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Battery balancing Technic

Derek Kessler

Active Member
Apr 15, 2016
1,193
1,876
Cincinnati
1) The battery is always balancing itself. But.. the calibration of the range meter may be off after 30k miles. You can get it to recalibrate by draining the battery down close to zero.

2) Supercharging is more damaging to the battery than even high-amperage home charging. It takes a lot of Supercharging to hurt the battery, but if that's the only way you're charging it would be a problem for the battery pack's health. If you can charge at home, that's recommended for battery health, your own convenience, and not taking up a Supercharger stall that somebody driving a long distance could use. Outside of California that last point isn't a big problem, but as Teslas become more common it will be.

3) Not mentioned in your post, but constantly charging to 100% will also damage the battery. Tesla recommends 90% for day-to-day driving, though I set my S at 60-70% when I know I'm not going to need all that range.
 
1) The battery is always balancing itself. But.. the calibration of the range meter may be off after 30k miles. You can get it to recalibrate by draining the battery down close to zero.

2) Supercharging is more damaging to the battery than even high-amperage home charging. It takes a lot of Supercharging to hurt the battery, but if that's the only way you're charging it would be a problem for the battery pack's health. If you can charge at home, that's recommended for battery health, your own convenience, and not taking up a Supercharger stall that somebody driving a long distance could use. Outside of California that last point isn't a big problem, but as Teslas become more common it will be.

3) Not mentioned in your post, but constantly charging to 100% will also damage the battery. Tesla recommends 90% for day-to-day driving, though I set my S at 60-70% when I know I'm not going to need all that range.
Thanks for the info.
 
1) The battery is always balancing itself. But.. the calibration of the range meter may be off after 30k miles. You can get it to recalibrate by draining the battery down close to zero.
...

I understood that battery balancing happens with the SOC (state of charge) above 93%. I don't think that's changed? I generally charge to 100% once a year to make sure the battery is fully balanced, as I know others here do.

It would be a nice improvement to have balancing start at any SOC, after charging has completed.
 
That was my understanding as well based on what the CAN bus data shows - balancing occurs >93% state of charge. The service center has also mentioned the battery cells can become "unbalanced" if you're only using and charging in a small range day after day, such as 50-70%.

That being said, what is the negative impact of having the battery pack out of balance? The only thing I can think of is obviously not having a consistent voltage across all of the batteries such that some batteries end up charging to a higher voltage. While very minimal and likely not a factor for 99% of users, I suppose that could cause slightly faster degradation on some batteries (i.e. not even "wear").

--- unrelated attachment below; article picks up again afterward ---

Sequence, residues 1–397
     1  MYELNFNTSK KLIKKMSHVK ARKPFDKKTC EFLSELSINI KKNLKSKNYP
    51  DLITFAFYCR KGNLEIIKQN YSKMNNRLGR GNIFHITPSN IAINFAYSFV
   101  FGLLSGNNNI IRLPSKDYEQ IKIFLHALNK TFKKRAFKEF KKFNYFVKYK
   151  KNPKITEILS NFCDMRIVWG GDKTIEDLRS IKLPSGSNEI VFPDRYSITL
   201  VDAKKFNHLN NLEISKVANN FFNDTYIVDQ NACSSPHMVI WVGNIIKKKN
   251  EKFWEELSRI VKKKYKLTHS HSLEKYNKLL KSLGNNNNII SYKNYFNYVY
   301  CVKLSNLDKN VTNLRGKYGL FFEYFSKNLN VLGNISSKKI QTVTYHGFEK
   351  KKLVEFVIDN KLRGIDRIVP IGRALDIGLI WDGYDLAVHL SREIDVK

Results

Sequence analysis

Rocky_H

Well-Known Member
Feb 19, 2015
8,357
10,754
Boise, ID
That being said, what is the negative impact of having the battery pack out of balance? The only thing I can think of is obviously not having a consistent voltage across all of the batteries such that some batteries end up charging to a higher voltage.
The main negative thing that can happen with this is the artificial shutdown behavior. The car will trigger a shutdown based on a cell voltage dropping below a certain point. But displayed charge level, in either % or rated miles, is based on the overall average readings of all of the cells. So there have been cases where people get pretty far out of balance and didn't know it, and then they get down to 3 or 4 rated miles left, and the car says, "I'm done--shutting down now", because one of the cells dropped too low while most still had a little energy left. So that's why it's a little risky for people to assume it's always going to be perfectly accurate down to that last 1 or 2 left on the display.
 
Recently I got to that point "shutting down now" - and the car was indicating 6%!!! (I was also 500ft away from home... so close!)
2014 MS P85D, 80k miles. I think I've only ever twice charged over 90% - I'll do 95% occasionally now that I know that balancing is triggered there.
I have 2 bricks that are currently consistently showing significantly lower voltage (20mv to 50mv) than the others in the pack (which are all within 3mv of each other).
 
Battery balancing is going on all the time. You have bricks made up of hundreds of cells connected in parallel through small resistors. How could you prevent balancing under that configuration? That's part of the story. The rest is that you have a bunch (around 90) of these bricks connected in series. Charge and discharge current flows in series through this string. If one of the bricks charges or discharges faster than another then the cells in that brick can be subject, at either end of the SoC range, to damage which damage, in Li ion cells can lead to disaster (fire) so you can be pretty sure that the BMS monitors the voltage on each brick. I have no ideas of what the actual BMS mechanism might be in these cars but what it attempts to do is transfer excess charge from the higher charged bricks to the lower charged ones. There are various efficient mechanisms for doing this of which the "flying capacitor" scheme at least has the coolest sounding name.
 
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